WASHINGTON — House of Representatives Republicans on Thursday rammed through a newly revised farm bill designed mostly to solve a vexing political problem that has divided their party and frustrated farmers nationwide.
On a largely party-line vote, the House approved 216-208 the unusual bill that includes crop subsidies and other farm benefits but excludes nutrition programs, including food stamps, which have long been part of the legislation. It was a tactical maneuver, designed to mollify conservatives and secure passage, and it was the latest turn in a legislative process often likened to sausage-making.
While a dozen Republicans opposed their party and voted against the bill, not a single Democrat voted for it.
Rep. Tim Walz, D-Mankato, released a statement calling it a "partisan, broken farm bill that is bad for producers and consumers alike."
The statement also included criticism from Minnesota Farm Bureau President Kevin Paap, who farms near Garden City.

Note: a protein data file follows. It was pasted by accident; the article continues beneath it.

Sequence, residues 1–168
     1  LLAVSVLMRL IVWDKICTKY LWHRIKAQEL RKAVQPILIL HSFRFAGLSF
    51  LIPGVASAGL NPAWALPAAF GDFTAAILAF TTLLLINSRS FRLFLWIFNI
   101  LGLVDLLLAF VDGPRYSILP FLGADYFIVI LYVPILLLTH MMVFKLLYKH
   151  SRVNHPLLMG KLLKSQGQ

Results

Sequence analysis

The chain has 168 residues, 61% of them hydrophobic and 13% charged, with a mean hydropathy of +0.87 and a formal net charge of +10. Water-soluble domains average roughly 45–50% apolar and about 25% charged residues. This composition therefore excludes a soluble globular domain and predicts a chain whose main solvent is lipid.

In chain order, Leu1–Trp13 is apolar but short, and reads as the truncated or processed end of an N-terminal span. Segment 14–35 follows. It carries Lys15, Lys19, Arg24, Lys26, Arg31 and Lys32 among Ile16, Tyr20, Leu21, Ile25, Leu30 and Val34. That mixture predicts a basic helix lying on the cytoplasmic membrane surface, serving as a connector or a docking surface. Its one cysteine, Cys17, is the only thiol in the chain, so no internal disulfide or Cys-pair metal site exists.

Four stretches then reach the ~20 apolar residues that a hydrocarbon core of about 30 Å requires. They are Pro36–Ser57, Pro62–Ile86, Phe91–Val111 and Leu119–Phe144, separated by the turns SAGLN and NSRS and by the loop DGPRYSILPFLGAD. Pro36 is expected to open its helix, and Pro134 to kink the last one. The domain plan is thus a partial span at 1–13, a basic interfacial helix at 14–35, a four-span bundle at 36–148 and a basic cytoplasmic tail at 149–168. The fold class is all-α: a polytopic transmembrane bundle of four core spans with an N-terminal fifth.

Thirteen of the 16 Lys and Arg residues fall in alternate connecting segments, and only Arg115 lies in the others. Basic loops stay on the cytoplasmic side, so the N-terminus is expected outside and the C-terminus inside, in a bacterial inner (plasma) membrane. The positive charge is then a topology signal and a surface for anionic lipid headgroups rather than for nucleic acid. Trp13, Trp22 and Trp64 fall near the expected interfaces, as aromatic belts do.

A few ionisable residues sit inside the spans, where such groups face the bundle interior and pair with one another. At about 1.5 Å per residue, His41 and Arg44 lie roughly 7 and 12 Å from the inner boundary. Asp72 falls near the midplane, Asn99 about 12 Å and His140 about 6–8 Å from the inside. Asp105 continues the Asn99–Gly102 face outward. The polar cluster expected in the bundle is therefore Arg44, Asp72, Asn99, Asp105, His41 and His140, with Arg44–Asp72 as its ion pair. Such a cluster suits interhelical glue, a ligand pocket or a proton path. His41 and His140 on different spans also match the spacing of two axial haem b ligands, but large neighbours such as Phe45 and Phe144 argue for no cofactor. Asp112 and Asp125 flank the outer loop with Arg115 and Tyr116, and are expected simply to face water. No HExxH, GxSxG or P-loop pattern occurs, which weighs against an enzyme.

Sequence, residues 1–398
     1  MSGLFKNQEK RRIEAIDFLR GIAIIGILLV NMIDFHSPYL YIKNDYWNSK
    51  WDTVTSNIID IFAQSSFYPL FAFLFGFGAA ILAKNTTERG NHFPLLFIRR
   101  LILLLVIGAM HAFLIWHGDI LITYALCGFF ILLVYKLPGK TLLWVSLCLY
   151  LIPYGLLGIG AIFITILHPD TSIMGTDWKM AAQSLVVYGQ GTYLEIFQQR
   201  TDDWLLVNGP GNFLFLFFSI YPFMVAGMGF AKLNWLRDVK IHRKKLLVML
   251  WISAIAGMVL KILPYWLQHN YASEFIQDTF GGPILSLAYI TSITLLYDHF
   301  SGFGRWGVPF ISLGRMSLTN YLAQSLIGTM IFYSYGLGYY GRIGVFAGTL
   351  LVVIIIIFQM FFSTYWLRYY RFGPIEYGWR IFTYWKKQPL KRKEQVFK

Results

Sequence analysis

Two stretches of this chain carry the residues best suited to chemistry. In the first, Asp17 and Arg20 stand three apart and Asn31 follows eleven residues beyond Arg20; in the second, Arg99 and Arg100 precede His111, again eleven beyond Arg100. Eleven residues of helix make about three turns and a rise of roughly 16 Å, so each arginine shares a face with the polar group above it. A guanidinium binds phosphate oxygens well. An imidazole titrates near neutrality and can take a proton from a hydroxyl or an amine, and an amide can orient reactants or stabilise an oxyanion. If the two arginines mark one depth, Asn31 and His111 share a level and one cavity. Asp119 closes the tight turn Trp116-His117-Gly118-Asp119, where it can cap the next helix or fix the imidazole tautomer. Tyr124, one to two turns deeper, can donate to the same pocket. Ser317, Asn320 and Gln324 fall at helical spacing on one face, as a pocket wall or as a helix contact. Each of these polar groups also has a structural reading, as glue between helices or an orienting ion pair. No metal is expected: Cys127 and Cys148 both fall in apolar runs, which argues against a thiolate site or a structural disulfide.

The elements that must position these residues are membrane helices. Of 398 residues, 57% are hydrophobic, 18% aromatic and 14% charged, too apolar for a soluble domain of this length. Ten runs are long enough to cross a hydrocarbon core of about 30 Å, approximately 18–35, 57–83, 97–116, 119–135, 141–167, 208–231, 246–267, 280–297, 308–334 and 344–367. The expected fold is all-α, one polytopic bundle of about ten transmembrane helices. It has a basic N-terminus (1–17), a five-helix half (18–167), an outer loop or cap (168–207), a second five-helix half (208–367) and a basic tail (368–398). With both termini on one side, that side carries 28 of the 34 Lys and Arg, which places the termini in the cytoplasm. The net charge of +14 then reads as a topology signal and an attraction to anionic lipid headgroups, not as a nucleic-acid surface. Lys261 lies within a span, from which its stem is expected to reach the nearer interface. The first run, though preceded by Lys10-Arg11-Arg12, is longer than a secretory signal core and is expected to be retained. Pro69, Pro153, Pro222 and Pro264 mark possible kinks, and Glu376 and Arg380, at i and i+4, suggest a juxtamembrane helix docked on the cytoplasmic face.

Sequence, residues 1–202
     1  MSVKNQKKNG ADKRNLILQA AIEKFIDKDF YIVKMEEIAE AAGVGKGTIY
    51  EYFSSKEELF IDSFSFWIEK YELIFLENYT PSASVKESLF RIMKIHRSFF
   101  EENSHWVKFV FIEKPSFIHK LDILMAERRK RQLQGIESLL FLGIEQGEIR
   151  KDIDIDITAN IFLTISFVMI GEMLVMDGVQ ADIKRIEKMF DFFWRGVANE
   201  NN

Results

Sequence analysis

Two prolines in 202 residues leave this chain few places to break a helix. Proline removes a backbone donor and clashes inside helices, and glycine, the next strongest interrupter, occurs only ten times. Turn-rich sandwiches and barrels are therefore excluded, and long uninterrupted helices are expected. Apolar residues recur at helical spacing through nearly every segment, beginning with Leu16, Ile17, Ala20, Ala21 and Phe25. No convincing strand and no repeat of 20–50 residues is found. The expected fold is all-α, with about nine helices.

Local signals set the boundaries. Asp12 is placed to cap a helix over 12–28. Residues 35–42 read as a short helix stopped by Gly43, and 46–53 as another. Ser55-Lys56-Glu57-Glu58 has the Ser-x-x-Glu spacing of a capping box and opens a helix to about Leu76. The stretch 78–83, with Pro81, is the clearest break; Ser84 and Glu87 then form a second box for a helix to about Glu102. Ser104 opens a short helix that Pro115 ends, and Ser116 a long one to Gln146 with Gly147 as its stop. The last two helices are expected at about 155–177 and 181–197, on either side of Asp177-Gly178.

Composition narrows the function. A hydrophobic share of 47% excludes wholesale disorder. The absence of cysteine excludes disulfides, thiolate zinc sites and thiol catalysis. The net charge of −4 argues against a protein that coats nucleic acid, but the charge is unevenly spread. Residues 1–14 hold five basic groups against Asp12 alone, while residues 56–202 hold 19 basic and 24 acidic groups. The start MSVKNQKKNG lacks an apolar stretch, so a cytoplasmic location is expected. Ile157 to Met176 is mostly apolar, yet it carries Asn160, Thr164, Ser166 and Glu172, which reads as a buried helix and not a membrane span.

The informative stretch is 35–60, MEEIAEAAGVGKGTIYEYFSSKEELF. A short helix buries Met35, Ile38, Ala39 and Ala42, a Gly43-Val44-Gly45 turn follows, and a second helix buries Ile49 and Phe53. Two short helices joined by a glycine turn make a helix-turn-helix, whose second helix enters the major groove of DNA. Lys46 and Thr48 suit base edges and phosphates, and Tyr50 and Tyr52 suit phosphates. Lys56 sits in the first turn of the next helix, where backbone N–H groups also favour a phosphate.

“The ‘marriage’ between the nutrition and farm communities has been an effective, balanced arrangement that has worked for decades, both to protect farmers and ranchers from disaster and to ensure all Americans can put food on the table,” he said.
By itself, the revised 608-page measure unveiled Wednesday night and approved Thursday afternoon will not become law. The Obama administration immediately threatened a veto, and the Democratic-controlled Senate won’t go along with it.
Instead, House Republican leaders contrived its passage so that House and Senate negotiators can get to work on a more politically realistic version that will include both farm and nutrition programs and can win approval in both chambers.
“It’s fraught with long-term consequences,” Dan Haley, a lobbyist for California fruit and vegetable growers, said of the unusual tactic, “but it’s the only chance we have if we want to move ahead.”